Martha Julia Farah is a cognitive neuroscience researcher at the University of Pennsylvania. She has worked on an unusually wide range of topics; the citation for her lifetime achievement award from the Association for Psychological Science states that “Her studies on the topics of mental imagery, face recognition, semantic memory, reading, attention, and executive functioning have become classics in the field.”
Stephen Grossberg is a cognitive scientist, theoretical and computational psychologist, neuroscientist, mathematician, biomedical engineer, and neuromorphic technologist. He is the Wang Professor of Cognitive and Neural Systems and a Professor Emeritus of Mathematics & Statistics, Psychological & Brain Sciences, and Biomedical Engineering at Boston University.
Demis Hassabis is a British artificial intelligence researcher, neuroscientist, video game designer, entrepreneur, and five times winner of the Pentamind board games championship. He is the CEO and co-founder of DeepMind.
Peter Dayan is director at the Max Planck Institute for Biological Cybernetics in Tübingen, Germany. He is co-author of Theoretical Neuroscience, an influential textbook on computational neuroscience. He is known for applying bayesian methods from machine learning and artificial intelligence to understand neural function and is particularly recognized for relating neurotransmitter levels to prediction errors and Bayesian uncertainties. He has pioneered the field of reinforcement learning (RL) where he helped develop the Q-learning algorithm, and made contributions to unsupervised learning, including the wake-sleep algorithm for neural networks and the Helmholtz machine.
The Center for Biological & Computational Learning is a research lab at the Massachusetts Institute of Technology.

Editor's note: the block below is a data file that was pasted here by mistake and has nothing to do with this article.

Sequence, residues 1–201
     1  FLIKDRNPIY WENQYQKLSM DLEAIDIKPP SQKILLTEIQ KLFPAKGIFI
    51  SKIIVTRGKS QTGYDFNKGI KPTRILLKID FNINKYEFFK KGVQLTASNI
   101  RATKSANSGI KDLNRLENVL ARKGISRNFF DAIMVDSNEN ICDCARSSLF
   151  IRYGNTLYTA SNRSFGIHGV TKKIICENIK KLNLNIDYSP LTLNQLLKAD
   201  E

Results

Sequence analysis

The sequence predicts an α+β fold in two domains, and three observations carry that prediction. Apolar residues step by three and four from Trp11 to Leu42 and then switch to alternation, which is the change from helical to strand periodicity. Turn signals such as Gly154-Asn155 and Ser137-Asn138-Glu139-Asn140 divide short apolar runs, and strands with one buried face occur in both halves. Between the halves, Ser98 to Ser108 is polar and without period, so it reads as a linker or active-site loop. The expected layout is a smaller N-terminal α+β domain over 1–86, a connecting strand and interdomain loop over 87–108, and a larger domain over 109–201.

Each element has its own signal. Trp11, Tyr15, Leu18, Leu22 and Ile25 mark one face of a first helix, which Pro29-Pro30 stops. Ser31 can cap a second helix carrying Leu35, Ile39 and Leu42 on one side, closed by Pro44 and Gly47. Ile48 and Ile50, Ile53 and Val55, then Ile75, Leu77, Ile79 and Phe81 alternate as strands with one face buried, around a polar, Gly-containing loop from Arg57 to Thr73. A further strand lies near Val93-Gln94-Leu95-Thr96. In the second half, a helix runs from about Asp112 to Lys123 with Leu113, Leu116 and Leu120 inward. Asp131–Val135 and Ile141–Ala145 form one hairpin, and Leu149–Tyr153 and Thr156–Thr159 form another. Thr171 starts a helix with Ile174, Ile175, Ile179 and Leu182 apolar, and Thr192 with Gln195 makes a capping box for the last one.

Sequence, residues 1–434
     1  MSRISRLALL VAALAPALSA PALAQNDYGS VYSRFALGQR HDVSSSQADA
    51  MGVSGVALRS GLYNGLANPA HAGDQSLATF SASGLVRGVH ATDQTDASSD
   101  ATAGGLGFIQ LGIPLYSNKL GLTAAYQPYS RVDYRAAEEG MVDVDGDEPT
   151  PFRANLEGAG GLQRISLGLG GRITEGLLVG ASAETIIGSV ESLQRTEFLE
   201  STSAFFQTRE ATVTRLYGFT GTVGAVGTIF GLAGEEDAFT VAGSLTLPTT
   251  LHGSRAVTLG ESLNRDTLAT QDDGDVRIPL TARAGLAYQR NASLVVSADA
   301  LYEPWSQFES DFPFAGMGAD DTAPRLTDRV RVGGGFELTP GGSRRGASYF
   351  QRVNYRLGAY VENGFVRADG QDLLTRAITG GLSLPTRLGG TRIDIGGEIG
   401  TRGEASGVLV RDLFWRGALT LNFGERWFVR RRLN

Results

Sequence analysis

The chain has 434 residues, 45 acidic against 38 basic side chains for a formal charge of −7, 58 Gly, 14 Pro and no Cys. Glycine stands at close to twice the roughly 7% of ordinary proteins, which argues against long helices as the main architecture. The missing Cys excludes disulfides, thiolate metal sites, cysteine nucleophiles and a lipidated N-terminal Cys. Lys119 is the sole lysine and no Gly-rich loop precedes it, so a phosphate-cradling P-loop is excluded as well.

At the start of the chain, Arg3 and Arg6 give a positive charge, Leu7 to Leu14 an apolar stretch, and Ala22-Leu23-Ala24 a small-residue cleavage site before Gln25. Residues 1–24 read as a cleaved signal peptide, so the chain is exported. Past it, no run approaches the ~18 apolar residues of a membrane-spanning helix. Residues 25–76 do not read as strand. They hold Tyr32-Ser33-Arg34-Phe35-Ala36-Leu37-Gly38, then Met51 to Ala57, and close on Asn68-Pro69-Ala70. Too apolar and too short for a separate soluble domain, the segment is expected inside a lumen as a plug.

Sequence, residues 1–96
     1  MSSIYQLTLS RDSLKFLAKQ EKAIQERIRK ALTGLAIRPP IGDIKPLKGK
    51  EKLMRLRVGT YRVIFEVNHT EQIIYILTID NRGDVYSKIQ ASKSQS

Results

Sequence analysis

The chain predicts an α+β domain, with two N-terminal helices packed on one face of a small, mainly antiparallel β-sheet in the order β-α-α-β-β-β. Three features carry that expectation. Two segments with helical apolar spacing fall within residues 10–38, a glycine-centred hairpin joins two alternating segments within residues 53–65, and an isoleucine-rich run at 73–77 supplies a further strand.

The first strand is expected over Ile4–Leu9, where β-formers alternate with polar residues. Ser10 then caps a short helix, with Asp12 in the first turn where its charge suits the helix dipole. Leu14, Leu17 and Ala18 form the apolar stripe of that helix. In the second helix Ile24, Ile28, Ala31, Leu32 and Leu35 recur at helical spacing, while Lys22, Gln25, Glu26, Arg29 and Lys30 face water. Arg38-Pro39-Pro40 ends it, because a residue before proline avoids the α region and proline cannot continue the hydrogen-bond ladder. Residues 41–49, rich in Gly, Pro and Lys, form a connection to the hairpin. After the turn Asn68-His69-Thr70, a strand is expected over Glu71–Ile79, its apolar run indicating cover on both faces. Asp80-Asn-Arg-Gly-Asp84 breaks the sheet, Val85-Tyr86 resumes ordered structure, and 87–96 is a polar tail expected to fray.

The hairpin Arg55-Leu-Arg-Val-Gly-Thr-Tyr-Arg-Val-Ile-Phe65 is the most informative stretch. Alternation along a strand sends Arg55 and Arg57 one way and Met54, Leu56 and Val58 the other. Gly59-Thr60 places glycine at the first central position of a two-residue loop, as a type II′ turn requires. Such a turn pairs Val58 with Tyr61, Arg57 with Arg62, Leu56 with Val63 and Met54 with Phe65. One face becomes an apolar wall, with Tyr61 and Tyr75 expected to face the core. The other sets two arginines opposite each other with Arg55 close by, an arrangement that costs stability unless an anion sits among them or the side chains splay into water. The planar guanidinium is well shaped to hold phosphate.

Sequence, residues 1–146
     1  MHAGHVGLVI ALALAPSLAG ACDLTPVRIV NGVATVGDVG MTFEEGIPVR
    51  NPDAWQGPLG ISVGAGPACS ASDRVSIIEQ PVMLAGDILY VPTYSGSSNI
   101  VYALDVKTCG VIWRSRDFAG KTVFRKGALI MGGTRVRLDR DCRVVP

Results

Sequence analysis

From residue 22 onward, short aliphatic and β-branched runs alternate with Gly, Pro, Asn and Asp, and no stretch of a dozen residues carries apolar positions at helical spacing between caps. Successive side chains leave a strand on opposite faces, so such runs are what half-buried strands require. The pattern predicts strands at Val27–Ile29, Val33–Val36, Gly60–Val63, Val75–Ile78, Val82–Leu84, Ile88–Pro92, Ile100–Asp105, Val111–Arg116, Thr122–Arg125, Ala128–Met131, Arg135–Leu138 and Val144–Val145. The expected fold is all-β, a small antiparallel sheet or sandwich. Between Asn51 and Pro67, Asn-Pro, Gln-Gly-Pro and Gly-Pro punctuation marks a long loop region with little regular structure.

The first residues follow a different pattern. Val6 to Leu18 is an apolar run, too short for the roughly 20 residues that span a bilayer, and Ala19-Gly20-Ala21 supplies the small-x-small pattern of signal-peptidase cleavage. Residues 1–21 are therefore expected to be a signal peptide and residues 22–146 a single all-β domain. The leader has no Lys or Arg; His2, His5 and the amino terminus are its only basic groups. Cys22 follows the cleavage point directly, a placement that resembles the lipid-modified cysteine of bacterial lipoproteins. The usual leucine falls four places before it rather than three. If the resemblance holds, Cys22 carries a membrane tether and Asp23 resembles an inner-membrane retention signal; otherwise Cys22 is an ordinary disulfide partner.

In computer vision, the Azriel Rosenfeld Award, or Azriel Rosenfeld Life Time Achievement Award was established at ICCV 2007 in Rio de Janeiro to honor outstanding researchers who are recognized as making significant contributions to the field of Computer Vision over longtime careers. This award is in memory of the computer scientist and mathematician Prof. Azriel Rosenfeld.
William Eric Leifur Grimson is a Canadian-born computer scientist and professor at the Massachusetts Institute of Technology, where he served as Chancellor from 2011 to 2014. An expert in computer vision, he headed MIT's Department of Electrical Engineering and Computer Science from 2005 to 2011 and currently serves as its Chancellor for Academic Advancement.
Rajesh P. N. Rao is the Director of the NSF Center for Neurotechnology (CNT) and the Cherng Jia and Elizabeth Yun Hwang Professor of Computer Science and Engineering and Electrical and Computer Engineering at the University of Washington in Seattle.
Amnon Shashua is an Israeli computer scientist and businessman. He is a computer science professor at the Hebrew University in Jerusalem as well as Senior Vice President at Intel Corporation and President and Chief Executive Officer (CEO) of Mobileye, and co-founder of OrCam. In 2020, Shashua announced he was opening Israel's first digital bank.
Stefano Soatto is professor of computer science at the University of California, Los Angeles (UCLA), in Los Angeles, CA, where he is also professor of electrical engineering and founding director of the UCLA Vision Lab. He was named Fellow of the Institute of Electrical and Electronics Engineers (IEEE) in 2013 for contributions to dynamic visual processes. He received the David Marr Prize in Computer Vision in 1999.
The Department of Brain and Cognitive Sciences at the Massachusetts Institute of Technology, Cambridge, Massachusetts, United States, engages in fundamental research in the areas of brain and neural systems, and cognitive processes. The department is within the School of Science at the MIT and began initially as the Department of Psychology founded by the psychologist Hans-Lukas Teuber in 1964. In 1986 the MIT Department of Psychology merged with the Whittaker College integrating Psychology and Neuroscience research to form the Department of Brain and Cognitive Sciences.